As an indication of the quantity of drugs moving through the mail each day, the report notes that “Since August 2016, about 8,500 postal items containing illicit drugs have been identified at international airports across Germany, amounting to a total of 404 kg of illicit drugs (287 kg amphetamine and 111 kg MDMA, as well as cocaine and cannabis) and 307 250 MDMA/ecstasy tablets.”
Darknet marketplaces exist on a constant knife edge, never more than an exit scam, LE bust, or DDoS away from going down. Even by their usual frenetic standards, though, November was quite a month for DNMs, with high drama and intrigue aplenty.
Despite a number of marketplaces disappearing off the map, a new study shows the ecosystem to be stronger than ever.
The Darknet Will Not Be Downed
“The drug market has become increasingly digitally enabled. Drugs purchased online can be transported across Europe and delivered to consumers by post and parcel services.” So reads the forward to the latest EU Drug Markets Report released by Europol last week. The 260-page report makes for heavy bedtime reading, but darknet vendors eager to optimize their opsec will find useful clues in there on how to frustrate law enforcement. As the report acknowledges:
There are notable challenges in identifying postal items containing drugs. For example, the total volume handled every day by a major postal centre such as the Mail Centre Vienna amounts to 4 million items. Furthermore, there is currently no mechanism in place for the reporting of suspicious parcels akin, for example, to the existing one for reporting suspicious financial transactions. Although systems are in place for service providers to remove and destroy suspicious parcels, they do not have a legal obligation to inform police authorities.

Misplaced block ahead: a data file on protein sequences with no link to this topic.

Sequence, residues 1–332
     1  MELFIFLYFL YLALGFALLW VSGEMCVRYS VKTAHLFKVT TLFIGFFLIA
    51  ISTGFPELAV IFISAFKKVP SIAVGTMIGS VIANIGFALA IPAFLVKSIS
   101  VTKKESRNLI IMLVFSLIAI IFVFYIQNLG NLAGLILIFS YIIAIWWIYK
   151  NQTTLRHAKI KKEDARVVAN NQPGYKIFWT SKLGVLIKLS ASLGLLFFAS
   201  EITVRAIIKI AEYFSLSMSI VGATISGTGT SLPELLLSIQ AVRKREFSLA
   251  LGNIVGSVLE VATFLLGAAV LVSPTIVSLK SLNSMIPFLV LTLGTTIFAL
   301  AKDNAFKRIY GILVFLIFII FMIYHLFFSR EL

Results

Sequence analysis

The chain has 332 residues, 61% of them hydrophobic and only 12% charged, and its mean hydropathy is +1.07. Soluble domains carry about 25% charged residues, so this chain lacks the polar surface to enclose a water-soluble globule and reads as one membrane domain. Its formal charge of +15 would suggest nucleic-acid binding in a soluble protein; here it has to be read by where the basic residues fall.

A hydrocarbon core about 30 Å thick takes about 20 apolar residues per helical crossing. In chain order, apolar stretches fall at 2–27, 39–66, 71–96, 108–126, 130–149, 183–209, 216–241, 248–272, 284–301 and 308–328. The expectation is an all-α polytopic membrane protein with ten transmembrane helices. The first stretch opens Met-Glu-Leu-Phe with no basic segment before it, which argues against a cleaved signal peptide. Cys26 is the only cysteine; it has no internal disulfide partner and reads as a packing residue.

While Europol was applying the finishing touches to its painstakingly researched report, the darknet was undergoing one of its most turbulent months to date. The following rundown records November’s key DNM talking points.
Double-Crossing and DDoSing on the Darknet
Nov 4: Silk Road admin and drug dealer turned informant Curtis Green receives his first restitution check from jailed fed turned criminal Carl Mark Force.
Wow, look what i just got in the mail. Carl mark Forces first if many restitution checks to me. he owes me thousands and I get a check for 25 dollars? He does only make 12 cents an hour.. If it wasnt so sad, id laugh. but hey, i cam buy lunch now. #freeross
— Curtis Green (@ilovepoker) November 4, 2019
Nov 14: Cryptonia, one of the most popular DNMs goes down. At the time of writing, three weeks on, it is still offline, despite an admin promising that it will return and that users will receive the funds they are due. It’s believed to be gone for good.
Nov 15: Dread, the darknet’s main forum for all things DNM-related, goes offline and stays down for the next 10 days.
Nov 22: The Independent discovers that DNM vendors are offering Black Friday deals, seemingly unaware that this has been a thing since the Silk Road days.